**Simple Capacity Checks for Commonly Used Steel Sections**

*Hee Yang Ng, MIStructE, C.Eng, P.E.2022-04-01 6:45:00*

Steel sections can be used as columns, beams, and struts to resist axial forces (tension/compression), moments, and shears. They may come in the form of open sections (such as ASTM A992 – Wide Flange W-shapes beams/S-shapes beams) or closed sections (such as Hollow Structural Section [HSS] tubing).

Physical dimensions and weights designate most steel sections, i.e., American Wide flange shapes are designated by depth of section x weight per unit length (e.g., W24x76), and British Universal Beam shapes are designated by depth of section (mm) x width of a section (mm) by weight (kg/m) (e.g., UB610x229x113). On-site, it is also easy and convenient to measure a section’s physical dimensions of depth, width, and thickness. Sometimes, steelwork designers must quickly size up a section or estimate section capacities without immediate access to comprehensive section properties or code equations. This is where rules-of-thumb become helpful. This article summarizes a few rules-of-thumb to evaluate steel section capacities.

## Section Properties

When evaluating a section’s capacity, the most relevant section properties are the cross-sectional area, the moment of inertia, and the radius of gyration. A cross-sectional area is required for tension and compression capacity, the moment of inertia for moment capacity, and the radius of gyration for buckling resistance.

Since the density of steel is 490 lb/ft^{3} (7850 kg/m^{3}), the cross-sectional area of section (A) can be derived by dividing the weight per unit length by the density.

Similarly, the moment of inertia (I) and radius of gyration (r)can be correlated to section sizes (depth and width) and weight per unit length.

For ease of remembering, these can be approximated using the expressions in the *Table*. For example, a W24×76’s cross-sectional area is 76/3.4 = 22.4 in^{2}.

The approximate moment of inertia WD^{2}/20 can be obtained by summing up flange area multiplied by the square of distance from the centroid and assuming a proportion of the total cross-sectional area lies within the flanges. For W-shape sections, by assuming a ¾ proportion, a conversion factor of 20 is obtained which corelates well with the actual moment of inertia. For British Universal Beam (UB) sections, there is more area in the web and the moment of inertia may be closer to WD^{2}/25.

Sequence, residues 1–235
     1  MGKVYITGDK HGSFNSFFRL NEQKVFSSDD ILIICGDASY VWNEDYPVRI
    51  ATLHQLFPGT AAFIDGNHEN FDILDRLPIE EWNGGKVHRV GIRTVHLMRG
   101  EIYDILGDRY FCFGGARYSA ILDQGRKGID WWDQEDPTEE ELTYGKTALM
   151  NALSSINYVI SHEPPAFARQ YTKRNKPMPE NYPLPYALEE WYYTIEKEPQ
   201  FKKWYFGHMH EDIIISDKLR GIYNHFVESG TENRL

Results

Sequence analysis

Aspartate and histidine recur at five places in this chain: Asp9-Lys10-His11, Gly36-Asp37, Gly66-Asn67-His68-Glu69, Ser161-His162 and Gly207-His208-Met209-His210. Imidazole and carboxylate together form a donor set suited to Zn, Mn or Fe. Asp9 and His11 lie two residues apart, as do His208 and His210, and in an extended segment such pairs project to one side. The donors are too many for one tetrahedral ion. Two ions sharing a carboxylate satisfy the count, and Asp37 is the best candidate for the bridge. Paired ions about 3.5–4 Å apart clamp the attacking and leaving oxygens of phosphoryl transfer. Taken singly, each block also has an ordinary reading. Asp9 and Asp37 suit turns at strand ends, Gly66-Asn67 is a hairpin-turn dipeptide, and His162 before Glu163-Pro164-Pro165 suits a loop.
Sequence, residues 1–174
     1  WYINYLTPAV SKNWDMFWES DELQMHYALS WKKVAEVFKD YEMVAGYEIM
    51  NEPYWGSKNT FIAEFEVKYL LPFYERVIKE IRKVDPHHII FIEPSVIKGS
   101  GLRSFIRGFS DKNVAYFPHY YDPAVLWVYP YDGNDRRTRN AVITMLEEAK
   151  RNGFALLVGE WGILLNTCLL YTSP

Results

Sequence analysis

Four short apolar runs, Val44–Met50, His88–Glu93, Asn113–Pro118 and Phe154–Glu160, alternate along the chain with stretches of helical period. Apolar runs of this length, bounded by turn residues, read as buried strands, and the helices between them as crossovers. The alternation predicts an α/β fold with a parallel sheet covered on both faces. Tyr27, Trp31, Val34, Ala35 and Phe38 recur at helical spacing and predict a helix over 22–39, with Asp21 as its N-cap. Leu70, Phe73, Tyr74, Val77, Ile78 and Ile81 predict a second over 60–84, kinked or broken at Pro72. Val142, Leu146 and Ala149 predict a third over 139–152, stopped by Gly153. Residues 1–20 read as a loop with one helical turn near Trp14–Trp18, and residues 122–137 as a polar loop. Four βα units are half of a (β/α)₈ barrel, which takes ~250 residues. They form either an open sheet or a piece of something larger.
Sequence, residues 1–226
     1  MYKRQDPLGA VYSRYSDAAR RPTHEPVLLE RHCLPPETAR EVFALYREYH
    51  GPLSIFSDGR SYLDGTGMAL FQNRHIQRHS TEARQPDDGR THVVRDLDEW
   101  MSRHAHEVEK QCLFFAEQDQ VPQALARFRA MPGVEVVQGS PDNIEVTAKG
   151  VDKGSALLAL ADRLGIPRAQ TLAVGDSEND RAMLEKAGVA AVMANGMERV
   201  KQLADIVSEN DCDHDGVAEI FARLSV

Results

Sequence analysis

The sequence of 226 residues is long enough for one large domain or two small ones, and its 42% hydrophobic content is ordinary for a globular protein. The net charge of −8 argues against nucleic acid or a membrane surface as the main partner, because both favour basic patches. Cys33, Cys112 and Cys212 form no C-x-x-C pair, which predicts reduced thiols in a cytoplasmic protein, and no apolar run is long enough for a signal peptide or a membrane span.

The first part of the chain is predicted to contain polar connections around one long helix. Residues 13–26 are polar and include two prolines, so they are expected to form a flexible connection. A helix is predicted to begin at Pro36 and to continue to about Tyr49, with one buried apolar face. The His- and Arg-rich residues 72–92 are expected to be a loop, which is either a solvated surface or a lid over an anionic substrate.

## Axial Load Capacity

The axial load can be in tension or compression, acting axially along the longitudinal direction of a member. Load-carrying capacity is typically calculated using the stress multiplied by the cross-sectional area, with appropriate load, resistance, and safety factors applied.Compression members have an added complication in dealing with slenderness where buckling becomes the governing failure criteria instead of crushing.

One common rule of thumb for compressive strength is: ½ the strength of materials (0.5 × yield strength, F_{y}) could be used for structural design for column members, i.e., members that are above the ground where they can be seen, and ⅓(0.3F_{y}) for piles, i.e., members that are below the ground where they are out of sight.

Since the 1800s and 1900s, when designing using allowable stresses, the ultimate (maximum) strength has to be reduced by a safety factor to arrive at a stress used for design. For example, mild steel having an ultimate strength of 65 kips per square inch (ksi) (448 megapascals, MPa) would have an allowable compression stress of 16.25 ksi (112 MPa) using a factor of safety of 4 (i.e., 0.25F_{u}). This seemingly high factor of safety is because ultimate strength, F_{u}, is used, which is higher than yield strength. Therefore, upon reaching yield, the material would enter into the plastic range and no longer be elastic.

In modern times, allowable stress design (ASD), governed by the American Institute of Steel Construction (AISC) *Specification *code, stipulates allowable stress for tension members to be 0.6F_{y} (yield stress) or 0.5F_{u} (tensile strength) on the gross and net effective area, respectively.

When steel sections are used as piles (e.g., H-piles), the allowable stress is ϕ(ecc)F_{y}/(LF), where ϕ, ecc, and LF are the stress-reduction factor, eccentricity, and load factor, respectively. Load factor is taken as 2, which is in line with the super-structure member safety factor. Due to the uncertainties involved in underground piles, two additional factors were introduced: stress reduction and eccentricity. Φ and ecc are 0.85 and 0.7 respectively, which gives a product of 0.595. Together with a load factor of 2, the allowable stress for piles becomes 0.3F_{y} in accordance with Federal Highway Association publications.

Another common rule of thumb for the working compression load capacity of steel sections is: 1 kilogram (kg) of steel carries one ton (using a unit conversion of 1 ton = 1000 kg = 10 kilonewton, kN) of load. This rule of thumb is meant for British Universal Beam and Column (UB and UC) sections for S275 MPa (≈Grade 36) steel used as piles and therefore comes with a safety factor of 3. For example, a UB610x229x113 (mm × mm × kg/m) section would have a working load of 1130 kN and a nominal yield capacity of 3390 kN. This estimate is only for a short column without considering slenderness or buckling. The capacity for S355 MPa (≈Grade 50) steel can be estimated by simple proportion (i.e., applying a 355/275 factor).

In US customary units, the conversion factor is 8.8 (=1/490 pcf × 144 in^{2} × 50 ksi × 0.6) for A992 steel (F_{y} = 50 ksi). Therefore, the available axial compressive strength of a Grade 50 W14×109 section can be approximated as 109×8.8 = 959 kips.

To account for buckling, which must be considered, the slenderness ratio (c) = (L_{c}/r), which is the effective length (L_{c}) divided by the least radius of gyration (r) (the weak axis). For example, the legacy British Standard BS449:1948, *The use of structural steel in building*, used an allowable column compressive stress of 124 MPa (18 ksi) for a slenderness ratio of c = 20, which decreases to 25.9 MPa (4 ksi) for a slenderness ratio of c = 180. This is almost equivalent to a 15 MPa (2 ksi) decrease in stress capacity for every 20-increment increase in slenderness ratio (c) starting from c = 20 (*Figure 1*). Note that this curve is valid for steel with an ultimate tensile strength of 56 to 66 ksi.